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Old 09-27-2016, 03:40 PM   #8
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CONCRETE
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Old 09-27-2016, 05:49 PM   #9
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Worst would be long, choking grass. Gravel I suppose might be ideal. But really, I think so long as there is good air circulation under and around the RV, things should be fine. I always trim our lawn very short, just before freeze up and before parking our Trillium. I had the frame Crown undercoated, inside and out, about three years and should do it again this. This year I will block the corners, put something under the wheels to spread the weight and (thanks for the idea) may put some poly underneath.
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Old 09-27-2016, 07:29 PM   #10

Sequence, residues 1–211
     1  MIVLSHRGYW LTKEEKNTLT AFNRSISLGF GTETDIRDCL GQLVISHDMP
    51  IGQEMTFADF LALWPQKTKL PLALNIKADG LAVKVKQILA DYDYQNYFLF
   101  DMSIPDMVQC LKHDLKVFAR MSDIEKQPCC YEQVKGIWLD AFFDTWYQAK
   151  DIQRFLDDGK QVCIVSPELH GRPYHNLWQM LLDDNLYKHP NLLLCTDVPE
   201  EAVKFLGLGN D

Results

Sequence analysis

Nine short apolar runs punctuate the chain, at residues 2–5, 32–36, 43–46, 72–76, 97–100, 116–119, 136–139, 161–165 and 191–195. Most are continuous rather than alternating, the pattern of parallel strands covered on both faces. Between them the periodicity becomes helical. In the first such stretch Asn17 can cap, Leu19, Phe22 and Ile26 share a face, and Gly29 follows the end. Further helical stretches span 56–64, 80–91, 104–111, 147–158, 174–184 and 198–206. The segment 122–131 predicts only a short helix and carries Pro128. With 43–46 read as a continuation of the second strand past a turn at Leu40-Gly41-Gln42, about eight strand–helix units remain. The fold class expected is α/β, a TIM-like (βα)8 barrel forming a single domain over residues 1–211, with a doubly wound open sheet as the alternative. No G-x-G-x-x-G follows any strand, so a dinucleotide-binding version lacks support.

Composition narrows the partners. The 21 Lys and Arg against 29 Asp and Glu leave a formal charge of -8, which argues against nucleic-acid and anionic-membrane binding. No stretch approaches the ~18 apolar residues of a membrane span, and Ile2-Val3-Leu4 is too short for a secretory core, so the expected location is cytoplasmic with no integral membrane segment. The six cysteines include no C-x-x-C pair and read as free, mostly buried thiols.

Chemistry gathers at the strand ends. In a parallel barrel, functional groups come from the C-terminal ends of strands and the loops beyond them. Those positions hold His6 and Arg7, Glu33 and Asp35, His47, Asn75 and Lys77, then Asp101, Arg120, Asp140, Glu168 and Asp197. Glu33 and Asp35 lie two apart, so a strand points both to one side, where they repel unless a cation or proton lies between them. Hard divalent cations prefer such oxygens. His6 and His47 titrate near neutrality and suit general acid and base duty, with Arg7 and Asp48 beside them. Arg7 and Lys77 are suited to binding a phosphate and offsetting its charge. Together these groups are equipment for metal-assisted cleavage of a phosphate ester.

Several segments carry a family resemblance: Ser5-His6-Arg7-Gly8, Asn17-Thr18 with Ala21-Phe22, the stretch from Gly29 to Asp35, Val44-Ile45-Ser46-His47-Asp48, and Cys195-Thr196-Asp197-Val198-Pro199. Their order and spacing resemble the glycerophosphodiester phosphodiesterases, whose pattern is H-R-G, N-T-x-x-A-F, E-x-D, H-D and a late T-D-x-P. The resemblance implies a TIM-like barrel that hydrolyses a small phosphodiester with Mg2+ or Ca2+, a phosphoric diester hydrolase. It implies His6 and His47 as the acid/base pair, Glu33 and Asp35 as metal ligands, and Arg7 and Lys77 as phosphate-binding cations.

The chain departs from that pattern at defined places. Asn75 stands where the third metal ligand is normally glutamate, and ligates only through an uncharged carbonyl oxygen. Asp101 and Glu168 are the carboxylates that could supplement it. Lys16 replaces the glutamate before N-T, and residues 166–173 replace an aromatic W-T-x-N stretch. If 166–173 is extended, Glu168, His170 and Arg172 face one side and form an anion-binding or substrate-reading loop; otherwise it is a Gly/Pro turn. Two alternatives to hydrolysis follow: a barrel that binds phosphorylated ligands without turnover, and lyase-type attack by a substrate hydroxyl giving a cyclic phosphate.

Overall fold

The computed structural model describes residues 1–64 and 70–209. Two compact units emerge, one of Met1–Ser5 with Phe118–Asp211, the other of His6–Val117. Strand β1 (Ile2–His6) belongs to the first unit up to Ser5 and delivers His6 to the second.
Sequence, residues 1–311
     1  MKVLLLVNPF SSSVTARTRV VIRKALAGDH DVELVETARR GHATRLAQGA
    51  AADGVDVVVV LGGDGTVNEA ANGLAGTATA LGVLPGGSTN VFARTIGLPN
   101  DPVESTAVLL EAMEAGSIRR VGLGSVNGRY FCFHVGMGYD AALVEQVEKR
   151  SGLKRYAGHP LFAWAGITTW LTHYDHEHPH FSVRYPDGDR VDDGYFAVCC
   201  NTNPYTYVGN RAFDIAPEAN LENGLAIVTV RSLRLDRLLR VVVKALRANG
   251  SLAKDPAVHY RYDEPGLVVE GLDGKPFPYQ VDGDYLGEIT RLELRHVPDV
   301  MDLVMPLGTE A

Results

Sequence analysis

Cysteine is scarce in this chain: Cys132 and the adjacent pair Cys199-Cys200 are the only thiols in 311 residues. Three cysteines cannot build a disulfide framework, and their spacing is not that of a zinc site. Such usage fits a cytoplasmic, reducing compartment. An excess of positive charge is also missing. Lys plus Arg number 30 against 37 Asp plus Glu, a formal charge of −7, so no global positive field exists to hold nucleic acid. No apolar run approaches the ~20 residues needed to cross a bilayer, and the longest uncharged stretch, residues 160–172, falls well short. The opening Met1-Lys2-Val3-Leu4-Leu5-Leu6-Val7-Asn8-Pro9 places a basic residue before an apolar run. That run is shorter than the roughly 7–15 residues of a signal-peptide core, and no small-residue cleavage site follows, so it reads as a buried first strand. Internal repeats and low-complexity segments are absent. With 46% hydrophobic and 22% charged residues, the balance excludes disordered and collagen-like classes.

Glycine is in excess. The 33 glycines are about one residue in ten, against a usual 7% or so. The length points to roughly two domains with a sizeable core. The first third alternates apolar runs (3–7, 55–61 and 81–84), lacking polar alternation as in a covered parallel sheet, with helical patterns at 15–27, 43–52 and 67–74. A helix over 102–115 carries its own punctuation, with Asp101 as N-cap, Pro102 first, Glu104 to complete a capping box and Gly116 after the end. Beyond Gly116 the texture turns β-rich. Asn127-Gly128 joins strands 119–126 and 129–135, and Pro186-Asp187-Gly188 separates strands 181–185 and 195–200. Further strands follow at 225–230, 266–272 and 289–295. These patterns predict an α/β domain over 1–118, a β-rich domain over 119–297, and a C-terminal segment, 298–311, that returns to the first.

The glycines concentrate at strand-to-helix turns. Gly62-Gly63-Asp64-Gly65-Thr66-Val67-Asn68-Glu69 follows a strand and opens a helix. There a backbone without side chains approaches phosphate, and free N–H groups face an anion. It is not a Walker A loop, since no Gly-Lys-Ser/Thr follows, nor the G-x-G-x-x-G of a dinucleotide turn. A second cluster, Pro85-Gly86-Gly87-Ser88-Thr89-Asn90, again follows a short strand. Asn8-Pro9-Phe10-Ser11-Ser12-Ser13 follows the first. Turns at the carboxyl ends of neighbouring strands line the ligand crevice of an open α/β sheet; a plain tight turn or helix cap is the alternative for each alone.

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I like gravel, but storing outside should allow for adequate ventilation under the trailer, as long as water doesn't stand under the trailer.
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Old 09-27-2016, 07:37 PM   #11
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Best stay out of the trailer too.
Up to 60% of the human adult body is water. According to H.H. Mitchell, Journal of Biological Chemistry 158, the brain and heart are composed of 73% water, and the lungs are about 83% water.May 2, 2016
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Old 09-28-2016, 06:47 AM   #12
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If u use Jack Stands,

Quote:
Originally Posted by Steve L. View Post